"Be consistent, men! Ye stronger half of the race, be at length rational! Three or four thousand years have worn threadbare your vile cloak of hypocrisy." [Appeal of One Half of the Human Race, Women, Against the Pretensions of the Other Half, Men, to Retain Them in Political, and Thence in Civial and Domestic Slavery, William Thompson and Anna Wheeler, 144] Some of them aren't made of the stuff, y'know? Integrity is not the new sexy. It's always been sexy.

 CC

Dear Common Nonsense, I'm a guy and I feel like I need to stand up for the rest of us men. I think most of what you've been saying is pretty illogical. Why spew these whimsical notions of romance and methods of carving up the ideal man when...none of it works in reality? There is a reason why these "gender norms" persist...because they work.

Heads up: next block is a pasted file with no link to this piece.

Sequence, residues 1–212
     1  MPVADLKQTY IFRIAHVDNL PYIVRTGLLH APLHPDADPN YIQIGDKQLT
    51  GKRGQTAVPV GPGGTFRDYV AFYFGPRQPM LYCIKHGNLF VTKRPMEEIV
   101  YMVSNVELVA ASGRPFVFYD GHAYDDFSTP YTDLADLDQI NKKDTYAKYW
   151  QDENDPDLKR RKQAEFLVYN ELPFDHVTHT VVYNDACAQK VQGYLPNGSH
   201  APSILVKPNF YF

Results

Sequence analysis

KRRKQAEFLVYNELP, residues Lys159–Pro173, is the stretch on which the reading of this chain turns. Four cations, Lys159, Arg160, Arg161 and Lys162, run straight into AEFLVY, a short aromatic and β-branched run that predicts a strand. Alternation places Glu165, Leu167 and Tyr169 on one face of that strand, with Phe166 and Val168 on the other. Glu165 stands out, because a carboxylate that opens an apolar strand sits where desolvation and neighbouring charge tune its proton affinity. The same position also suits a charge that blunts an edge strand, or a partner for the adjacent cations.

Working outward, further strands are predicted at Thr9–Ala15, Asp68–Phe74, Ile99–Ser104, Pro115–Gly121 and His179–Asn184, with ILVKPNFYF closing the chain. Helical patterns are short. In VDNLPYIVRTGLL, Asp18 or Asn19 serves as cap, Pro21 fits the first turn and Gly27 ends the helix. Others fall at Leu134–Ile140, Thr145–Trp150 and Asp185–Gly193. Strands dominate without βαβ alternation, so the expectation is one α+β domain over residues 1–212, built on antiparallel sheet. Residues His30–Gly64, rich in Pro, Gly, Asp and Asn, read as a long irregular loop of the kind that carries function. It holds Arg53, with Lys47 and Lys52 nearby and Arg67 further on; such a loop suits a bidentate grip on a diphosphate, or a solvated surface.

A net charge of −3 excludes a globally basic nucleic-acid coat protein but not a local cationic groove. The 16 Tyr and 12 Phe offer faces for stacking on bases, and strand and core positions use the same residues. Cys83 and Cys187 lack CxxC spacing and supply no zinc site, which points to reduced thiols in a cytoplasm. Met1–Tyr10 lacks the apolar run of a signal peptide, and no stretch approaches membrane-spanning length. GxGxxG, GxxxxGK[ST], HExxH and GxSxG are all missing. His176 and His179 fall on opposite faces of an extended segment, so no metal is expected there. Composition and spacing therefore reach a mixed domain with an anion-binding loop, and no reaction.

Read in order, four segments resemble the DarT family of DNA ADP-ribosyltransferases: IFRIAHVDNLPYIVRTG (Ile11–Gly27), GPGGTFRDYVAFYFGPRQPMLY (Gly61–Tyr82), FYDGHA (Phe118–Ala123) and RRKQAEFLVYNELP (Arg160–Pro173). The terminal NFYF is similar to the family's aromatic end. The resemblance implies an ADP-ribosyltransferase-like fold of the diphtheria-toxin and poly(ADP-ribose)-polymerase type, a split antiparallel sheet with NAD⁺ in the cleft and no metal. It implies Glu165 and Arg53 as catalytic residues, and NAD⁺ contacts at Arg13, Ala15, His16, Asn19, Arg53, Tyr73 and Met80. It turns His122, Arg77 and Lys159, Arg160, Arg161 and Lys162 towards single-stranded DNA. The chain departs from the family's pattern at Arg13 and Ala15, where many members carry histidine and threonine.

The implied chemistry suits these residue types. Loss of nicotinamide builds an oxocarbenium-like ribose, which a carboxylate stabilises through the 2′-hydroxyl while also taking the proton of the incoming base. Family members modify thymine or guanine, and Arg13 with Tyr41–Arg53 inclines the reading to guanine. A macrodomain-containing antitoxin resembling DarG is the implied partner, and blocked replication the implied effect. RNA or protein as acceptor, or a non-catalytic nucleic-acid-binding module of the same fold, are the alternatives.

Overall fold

Oh how we looooove adversity—gets us all hot under the collar.

 CC

 CC

Dear Common Nonsense, Just writing in to tell you my wife and I really appreciate the candid comments. Not many magazines "tell it like it is". Many of those ignorant comments you include from a certain number of close-minded people (we approve that you even include these comments because it proves your willingness to tackle the opposition) still tend to bring up relevant points. How should we understand the ounce of truth coming from the mouth of the Fool?

~Grateful

Dear Grateful, "Without Contraries is no progression. Attraction and Repulsion, Reason and Energy, Love and Hate, are necessary to Human existence." [The Marriage of Heaven and Hell, Plate 3, William Blake, 73] There are different degrees of Fools. Them Shakespearean blokes have some neat things to say. But we know what you mean. Well, truth changes. It exists in varying forms and isn't shy about flipping us the bird.

 CC

~Practical

Dear Practical, "Tell me: what has given you the sovereign power to oppress my sex?" [The Rights of Women, Olympe de Gouges, 134]